Lemar testified that she and Calloway waited outside the casino for Robert to arrive. When he did, she and Robert drove in his vehicle around New Orleans, stopping twice in Gentilly. In following a plan that Calloway conceived, she told Robert she had to return to Boomtown because her aunt’s vehicle had broken down, she testified.

In the 3600 block of Peters Road, just north of the casino, they spotted Lemar’s vehicle parked on the shoulder with its hood up, she testified. Robert pulled his vehicle up to Lemar’s vehicle, got out and checked under her hood. That’s when Lemar said she heard the first of three gunshots and saw Robert’s body fall into the drainage ditch.

Calloway drove away in Robert’s vehicle while she drove her vehicle, first to St. Charles Parish where they purchased a gasoline can and gasoline. They eventually drove to a sugarcane field east of Thibodaux. There, Calloway removed the tires and rims from Robert’s vehicle, doused the interior with gas and set it on fire, Lemar testified.

The Lafourche Parish Sheriff’s Office began an investigation into the burned vehicle that same morning. Later, the Slidell Police Department opened a missing persons investigation in connection with Robert’s disappearance.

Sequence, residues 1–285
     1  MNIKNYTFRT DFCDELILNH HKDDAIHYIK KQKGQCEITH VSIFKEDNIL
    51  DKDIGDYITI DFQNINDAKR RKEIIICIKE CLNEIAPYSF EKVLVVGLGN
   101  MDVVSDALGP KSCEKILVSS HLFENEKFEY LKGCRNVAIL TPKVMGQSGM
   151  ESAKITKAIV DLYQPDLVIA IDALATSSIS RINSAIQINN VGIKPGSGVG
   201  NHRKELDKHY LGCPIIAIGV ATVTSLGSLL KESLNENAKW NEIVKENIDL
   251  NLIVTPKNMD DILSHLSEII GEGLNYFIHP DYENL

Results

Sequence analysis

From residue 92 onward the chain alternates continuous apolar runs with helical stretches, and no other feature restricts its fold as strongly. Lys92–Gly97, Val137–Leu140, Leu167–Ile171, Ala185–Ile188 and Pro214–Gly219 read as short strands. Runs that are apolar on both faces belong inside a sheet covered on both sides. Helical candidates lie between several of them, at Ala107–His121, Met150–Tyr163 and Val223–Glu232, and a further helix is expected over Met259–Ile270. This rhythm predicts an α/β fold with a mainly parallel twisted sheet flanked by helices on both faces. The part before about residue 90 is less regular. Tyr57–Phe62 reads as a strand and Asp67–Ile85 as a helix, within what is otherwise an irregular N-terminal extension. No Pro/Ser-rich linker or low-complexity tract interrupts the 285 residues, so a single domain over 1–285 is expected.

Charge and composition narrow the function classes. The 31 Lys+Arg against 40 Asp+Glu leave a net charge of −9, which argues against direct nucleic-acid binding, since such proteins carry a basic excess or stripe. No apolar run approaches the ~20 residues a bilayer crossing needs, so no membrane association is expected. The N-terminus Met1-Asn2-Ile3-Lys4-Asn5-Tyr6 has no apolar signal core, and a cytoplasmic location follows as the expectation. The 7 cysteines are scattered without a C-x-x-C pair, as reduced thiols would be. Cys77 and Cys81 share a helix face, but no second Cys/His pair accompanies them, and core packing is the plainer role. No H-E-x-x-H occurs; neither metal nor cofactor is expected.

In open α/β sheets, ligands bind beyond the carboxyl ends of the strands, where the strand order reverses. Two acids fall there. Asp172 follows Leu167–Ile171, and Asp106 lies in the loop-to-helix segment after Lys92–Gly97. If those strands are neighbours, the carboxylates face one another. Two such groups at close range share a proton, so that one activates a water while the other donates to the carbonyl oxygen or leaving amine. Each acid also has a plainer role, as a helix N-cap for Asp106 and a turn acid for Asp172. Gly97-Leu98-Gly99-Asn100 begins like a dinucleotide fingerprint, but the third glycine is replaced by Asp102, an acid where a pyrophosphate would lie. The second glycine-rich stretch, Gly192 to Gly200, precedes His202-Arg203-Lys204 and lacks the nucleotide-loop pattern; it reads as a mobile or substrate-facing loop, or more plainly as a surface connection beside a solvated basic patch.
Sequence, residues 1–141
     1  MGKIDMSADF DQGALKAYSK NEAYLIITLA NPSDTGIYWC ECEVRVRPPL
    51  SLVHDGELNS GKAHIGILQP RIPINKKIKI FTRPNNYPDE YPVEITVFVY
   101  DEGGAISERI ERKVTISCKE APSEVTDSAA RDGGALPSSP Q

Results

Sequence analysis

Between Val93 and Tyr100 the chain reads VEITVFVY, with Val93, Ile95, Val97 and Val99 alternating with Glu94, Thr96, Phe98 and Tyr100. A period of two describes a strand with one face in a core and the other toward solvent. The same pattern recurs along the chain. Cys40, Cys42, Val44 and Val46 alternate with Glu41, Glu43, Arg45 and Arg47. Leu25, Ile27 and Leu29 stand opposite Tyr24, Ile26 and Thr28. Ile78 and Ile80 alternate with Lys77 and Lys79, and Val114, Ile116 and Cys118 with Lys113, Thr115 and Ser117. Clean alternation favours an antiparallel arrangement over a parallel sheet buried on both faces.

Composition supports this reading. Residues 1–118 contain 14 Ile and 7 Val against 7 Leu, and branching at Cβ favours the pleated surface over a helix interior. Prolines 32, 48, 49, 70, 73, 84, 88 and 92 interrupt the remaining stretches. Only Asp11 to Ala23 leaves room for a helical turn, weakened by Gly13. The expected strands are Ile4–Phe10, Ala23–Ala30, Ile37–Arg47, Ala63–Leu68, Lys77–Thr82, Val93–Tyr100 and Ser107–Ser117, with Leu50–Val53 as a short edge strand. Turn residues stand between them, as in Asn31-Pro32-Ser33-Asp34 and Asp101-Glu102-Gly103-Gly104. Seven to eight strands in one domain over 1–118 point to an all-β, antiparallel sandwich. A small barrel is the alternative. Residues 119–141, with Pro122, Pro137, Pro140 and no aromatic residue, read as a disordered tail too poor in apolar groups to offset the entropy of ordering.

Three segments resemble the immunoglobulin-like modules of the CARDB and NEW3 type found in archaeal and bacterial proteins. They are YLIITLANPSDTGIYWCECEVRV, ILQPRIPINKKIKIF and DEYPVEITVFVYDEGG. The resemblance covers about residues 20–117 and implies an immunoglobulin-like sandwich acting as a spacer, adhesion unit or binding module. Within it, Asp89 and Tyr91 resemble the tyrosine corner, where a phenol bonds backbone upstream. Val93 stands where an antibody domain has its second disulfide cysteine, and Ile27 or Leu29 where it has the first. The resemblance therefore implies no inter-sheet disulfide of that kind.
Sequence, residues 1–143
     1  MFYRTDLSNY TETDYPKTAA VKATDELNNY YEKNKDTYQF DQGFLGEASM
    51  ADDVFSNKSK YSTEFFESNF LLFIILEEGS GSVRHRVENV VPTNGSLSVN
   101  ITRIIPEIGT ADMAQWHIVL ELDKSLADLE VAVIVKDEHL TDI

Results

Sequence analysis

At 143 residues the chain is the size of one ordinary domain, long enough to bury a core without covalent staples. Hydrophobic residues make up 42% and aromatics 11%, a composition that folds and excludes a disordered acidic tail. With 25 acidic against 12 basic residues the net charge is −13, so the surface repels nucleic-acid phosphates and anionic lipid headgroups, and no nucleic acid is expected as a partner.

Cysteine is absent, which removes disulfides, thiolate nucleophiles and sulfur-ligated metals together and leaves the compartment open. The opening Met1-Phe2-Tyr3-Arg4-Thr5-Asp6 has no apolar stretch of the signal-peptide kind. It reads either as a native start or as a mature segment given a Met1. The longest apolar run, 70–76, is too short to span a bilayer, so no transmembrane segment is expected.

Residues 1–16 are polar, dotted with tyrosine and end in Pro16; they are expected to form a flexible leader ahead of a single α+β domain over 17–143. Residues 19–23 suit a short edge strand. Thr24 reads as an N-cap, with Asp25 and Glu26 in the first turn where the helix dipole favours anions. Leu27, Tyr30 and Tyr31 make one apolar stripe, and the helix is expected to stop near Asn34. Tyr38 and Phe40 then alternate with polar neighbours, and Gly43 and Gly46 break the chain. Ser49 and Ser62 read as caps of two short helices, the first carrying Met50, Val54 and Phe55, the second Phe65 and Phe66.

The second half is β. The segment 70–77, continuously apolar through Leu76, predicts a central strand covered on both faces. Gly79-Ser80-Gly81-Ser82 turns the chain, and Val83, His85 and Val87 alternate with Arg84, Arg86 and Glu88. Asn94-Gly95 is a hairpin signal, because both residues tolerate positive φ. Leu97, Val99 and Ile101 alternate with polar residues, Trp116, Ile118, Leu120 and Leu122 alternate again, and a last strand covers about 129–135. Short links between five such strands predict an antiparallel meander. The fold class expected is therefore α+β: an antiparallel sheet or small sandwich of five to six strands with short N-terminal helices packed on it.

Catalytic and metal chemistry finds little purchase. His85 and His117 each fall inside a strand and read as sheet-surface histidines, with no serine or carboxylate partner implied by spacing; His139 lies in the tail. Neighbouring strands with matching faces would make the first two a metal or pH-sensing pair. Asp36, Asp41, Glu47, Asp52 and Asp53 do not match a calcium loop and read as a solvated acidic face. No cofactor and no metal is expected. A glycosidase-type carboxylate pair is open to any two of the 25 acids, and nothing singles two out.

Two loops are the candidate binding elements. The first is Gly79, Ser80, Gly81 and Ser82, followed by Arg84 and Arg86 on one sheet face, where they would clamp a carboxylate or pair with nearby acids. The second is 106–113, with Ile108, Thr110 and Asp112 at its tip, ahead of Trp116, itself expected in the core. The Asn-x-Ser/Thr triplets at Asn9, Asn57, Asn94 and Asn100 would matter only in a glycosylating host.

Four days after Robert was killed, a passer-by spotted his decomposing body in the drainage ditch. The Jefferson Parish Sheriff’s Office began the homicide investigation.

By that point, Lafourche Parish detectives already identified Robert’s vehicle and, with the help of the Houma Police Department, uncovered evidence linking Calloway and Lemar to the vehicle, according to trial testimony.

Calloway and Lemar were located in their mobile home in a Houma trailer park on the day Robert’s body was located. Inside the trailer, detectives found Robert’s property, including a car audio amplifier and a floor jack, according to testimony. Calloway and Lemar were arrested for Robert’s homicide that day.

The JPSO later found Calloway’s DNA on a shirt at Robert’s burned vehicle, according to trial evidence.

Using witness statements, cell phone data, and the Automated License Plate Reader system, authorities determined that Robert was killed about 3:15 a.m., JPSO Detective Donald Zanotelli testified.

The data also corroborated Lemar’s testimony of what transpired that morning, providing detectives with a timeline that shows the suspects’ travels through Gentilly and between Harvey and their home in Houma, according to a multimedia presentation prosecutors showed to jurors.

Calloway denied involvement in the crime. His attorney told jurors that Lemar lied to detectives in implicating Calloway.

The Jefferson Parish jury that was seated on Monday deliberated about 40 minutes. Judge Michael Mentz of the 24th Judicial District Court is scheduled to sentence Calloway on June 26.

Assistant District Attorneys Douglas Rushton and Lindsay Truhe prosecuted the case.